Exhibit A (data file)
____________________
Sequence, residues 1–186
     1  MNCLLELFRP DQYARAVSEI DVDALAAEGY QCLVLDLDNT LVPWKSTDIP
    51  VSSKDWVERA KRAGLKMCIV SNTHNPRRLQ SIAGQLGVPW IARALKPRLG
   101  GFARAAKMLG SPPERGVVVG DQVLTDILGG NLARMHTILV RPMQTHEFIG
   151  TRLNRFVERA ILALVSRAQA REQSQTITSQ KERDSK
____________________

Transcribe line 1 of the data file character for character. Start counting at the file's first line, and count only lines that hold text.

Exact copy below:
Sequence, residues 1–186